Workers' Compensation Advisory Council okays combined trial lawyer proposal
Thursday, September 6, 2012 I've been at meetings of the South Dakota Retirement System's board of trustees and the Workers' Compensation Advisory Council over the last couple days. Actions taken at both meetings will ultimately end up as proposed legislation. I'll do an SDRS recap later, as it's fairly dense, complicated material. However, the Workers' Compensation Advisory Council recap is fairly short.
Workers' Compensation Advisory Council (agenda)
- Last legislative session, HB 1054 was introduced. HB 1054 failed to pass committee during the last session. It was a State Bar Association bill. It had a few parts. The Bar said it was a "package deal," in that if all the parts weren't included in the legislation, the Bar didn't want the bill to continue (usually, when an outfit or person is the key behind a bill, the "understanding" is that the bill must not be modified, at least without that entity's support). One part was an increase in the notice an employee must give to an employer when injured on the job, from 3 days to 7 days. During the legislative session, in committee, a boatload of business people and business lobbyists testified against that portion of HB 1054. Lots of those same folks testified the same before the Council today. The Council later today decided to pass that part, 4-2. Another part would allow "out-of-state practitioner[s]" to be used in Workers' Compensation cases. The rationale the Bar used today was that there is a shortage of doctors in the state, doctors that can provide the kind of testimony that can be useful for insurers in claims filed against them by employees who claim their injury occurred due to work. One proponent indicated doctors were giving so much testimony that they were contradicting themselves in different court cases, leading to impeaching themselves as witnesses. (Has the impeaching of doctors as witnesses led to a shortage of South Dakota doctors willing to testify for workers' compensation insurers in certain cases? Or has it simply made the case that honesty is always the best policy, regardless of who's paying the bill?) I testified against the issue today, stating, among other things, that any "lack" of South Dakota doctors was not really backed with any facts, and that South Dakota Workers' Compensation should be kept in South Dakota. Another point I made is that this proposed change wasn't limited to geographic areas or medical specialties where a lack of doctors would make out-of-state doctors useful. Another person, from a South Dakota medical organization, also opposed the issue. It passed 4-2. So, expect to see a bill with those two things in it at the next legislative session. One difference this time will be that the bill actually has the Council's support this time. HB 1054 was introduced without the approval of the Council at the last session, a fact that probably guaranteed it wouldn't go anywhere. The bill will have the Council's support next go-round.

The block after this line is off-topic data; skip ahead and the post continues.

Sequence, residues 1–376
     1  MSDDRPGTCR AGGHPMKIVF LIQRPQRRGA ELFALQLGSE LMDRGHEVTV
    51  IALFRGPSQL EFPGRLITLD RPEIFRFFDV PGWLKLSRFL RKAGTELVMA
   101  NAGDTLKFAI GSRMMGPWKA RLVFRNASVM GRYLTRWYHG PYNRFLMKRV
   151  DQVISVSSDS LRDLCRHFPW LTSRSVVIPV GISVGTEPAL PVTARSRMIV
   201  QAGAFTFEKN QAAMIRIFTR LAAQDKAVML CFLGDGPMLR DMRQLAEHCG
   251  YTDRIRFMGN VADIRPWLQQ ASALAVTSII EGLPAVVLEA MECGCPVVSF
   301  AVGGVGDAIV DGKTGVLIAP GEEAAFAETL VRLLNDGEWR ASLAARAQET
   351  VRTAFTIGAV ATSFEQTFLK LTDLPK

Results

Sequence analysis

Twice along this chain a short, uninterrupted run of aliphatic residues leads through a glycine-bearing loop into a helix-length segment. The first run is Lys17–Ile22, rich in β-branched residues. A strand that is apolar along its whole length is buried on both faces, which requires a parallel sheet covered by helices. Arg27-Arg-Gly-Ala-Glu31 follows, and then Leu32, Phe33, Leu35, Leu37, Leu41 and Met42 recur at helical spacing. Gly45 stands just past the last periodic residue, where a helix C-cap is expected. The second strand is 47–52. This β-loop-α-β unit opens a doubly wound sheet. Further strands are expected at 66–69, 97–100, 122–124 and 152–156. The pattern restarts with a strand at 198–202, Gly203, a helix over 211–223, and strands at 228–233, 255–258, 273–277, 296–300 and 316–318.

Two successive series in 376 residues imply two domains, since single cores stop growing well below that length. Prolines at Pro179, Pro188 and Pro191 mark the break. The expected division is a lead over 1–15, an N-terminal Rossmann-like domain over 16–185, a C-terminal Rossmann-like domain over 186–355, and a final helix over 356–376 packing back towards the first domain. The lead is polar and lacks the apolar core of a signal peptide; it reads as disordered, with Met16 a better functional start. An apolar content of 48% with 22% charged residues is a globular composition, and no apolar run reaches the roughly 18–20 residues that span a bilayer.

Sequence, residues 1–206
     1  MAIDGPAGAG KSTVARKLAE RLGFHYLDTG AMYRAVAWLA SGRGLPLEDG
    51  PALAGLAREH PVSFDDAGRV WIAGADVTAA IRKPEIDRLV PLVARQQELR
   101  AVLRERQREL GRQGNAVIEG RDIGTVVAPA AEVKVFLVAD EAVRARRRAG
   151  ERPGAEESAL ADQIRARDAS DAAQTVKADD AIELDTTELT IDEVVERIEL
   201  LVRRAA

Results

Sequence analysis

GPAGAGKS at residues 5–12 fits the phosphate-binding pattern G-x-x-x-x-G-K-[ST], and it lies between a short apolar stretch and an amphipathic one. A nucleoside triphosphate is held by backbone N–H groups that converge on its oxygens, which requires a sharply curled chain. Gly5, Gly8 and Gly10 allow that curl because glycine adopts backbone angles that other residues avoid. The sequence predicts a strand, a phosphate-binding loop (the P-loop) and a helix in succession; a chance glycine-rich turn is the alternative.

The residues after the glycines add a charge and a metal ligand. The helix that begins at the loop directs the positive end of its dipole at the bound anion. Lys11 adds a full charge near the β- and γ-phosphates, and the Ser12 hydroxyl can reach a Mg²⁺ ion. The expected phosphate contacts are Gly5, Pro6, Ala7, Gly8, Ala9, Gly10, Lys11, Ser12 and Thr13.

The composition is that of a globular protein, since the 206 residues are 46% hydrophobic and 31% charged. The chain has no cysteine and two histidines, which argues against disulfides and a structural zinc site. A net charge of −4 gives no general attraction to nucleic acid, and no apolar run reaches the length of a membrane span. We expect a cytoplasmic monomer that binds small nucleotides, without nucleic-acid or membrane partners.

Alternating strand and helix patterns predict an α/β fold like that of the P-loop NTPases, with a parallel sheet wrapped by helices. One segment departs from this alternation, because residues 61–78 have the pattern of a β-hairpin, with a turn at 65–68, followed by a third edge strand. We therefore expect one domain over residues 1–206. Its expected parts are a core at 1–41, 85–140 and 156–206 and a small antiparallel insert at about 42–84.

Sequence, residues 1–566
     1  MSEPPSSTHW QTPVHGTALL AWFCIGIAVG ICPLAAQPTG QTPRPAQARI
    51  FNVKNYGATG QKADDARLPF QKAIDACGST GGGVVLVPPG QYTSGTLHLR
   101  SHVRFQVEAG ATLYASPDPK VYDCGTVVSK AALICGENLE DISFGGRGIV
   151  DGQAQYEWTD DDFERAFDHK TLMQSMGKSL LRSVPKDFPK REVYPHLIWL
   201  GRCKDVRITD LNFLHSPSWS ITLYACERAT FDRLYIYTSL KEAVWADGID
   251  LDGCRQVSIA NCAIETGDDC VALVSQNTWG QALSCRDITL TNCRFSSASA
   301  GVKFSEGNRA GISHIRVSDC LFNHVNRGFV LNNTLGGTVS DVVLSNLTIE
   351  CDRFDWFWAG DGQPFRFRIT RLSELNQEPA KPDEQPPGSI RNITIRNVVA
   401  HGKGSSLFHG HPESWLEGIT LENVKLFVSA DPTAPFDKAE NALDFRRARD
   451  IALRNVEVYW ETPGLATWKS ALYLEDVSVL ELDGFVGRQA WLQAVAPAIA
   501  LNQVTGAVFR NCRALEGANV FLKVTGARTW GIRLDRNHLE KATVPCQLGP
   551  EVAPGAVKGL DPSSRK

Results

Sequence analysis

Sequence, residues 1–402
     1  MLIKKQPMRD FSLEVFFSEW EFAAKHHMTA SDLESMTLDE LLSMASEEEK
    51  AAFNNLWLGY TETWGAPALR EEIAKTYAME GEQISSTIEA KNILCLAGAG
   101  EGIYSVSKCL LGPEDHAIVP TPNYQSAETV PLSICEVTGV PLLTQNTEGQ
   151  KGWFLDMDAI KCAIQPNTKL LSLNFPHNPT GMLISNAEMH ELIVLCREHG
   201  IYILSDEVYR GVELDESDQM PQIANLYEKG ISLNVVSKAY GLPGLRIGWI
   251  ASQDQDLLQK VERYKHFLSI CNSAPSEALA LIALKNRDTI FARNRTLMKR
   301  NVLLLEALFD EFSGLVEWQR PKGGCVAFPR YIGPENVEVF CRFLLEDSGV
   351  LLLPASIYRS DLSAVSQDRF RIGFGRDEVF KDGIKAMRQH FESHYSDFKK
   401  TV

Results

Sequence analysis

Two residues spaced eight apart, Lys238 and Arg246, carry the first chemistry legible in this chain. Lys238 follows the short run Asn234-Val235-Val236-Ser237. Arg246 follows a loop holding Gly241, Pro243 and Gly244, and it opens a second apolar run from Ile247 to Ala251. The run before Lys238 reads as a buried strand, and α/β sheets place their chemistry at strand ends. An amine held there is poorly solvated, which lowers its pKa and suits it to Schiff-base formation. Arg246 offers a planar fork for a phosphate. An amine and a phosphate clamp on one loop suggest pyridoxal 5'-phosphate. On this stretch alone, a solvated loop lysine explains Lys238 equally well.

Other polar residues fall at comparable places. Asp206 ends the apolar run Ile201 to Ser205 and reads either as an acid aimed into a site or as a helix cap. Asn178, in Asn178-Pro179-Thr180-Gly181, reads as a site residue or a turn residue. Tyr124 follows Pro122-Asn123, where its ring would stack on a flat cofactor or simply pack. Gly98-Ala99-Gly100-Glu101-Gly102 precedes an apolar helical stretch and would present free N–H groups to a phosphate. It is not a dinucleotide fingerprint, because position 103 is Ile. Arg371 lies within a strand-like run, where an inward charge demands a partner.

Categories: Member, South Dakota Retirement System, Worker's Compensation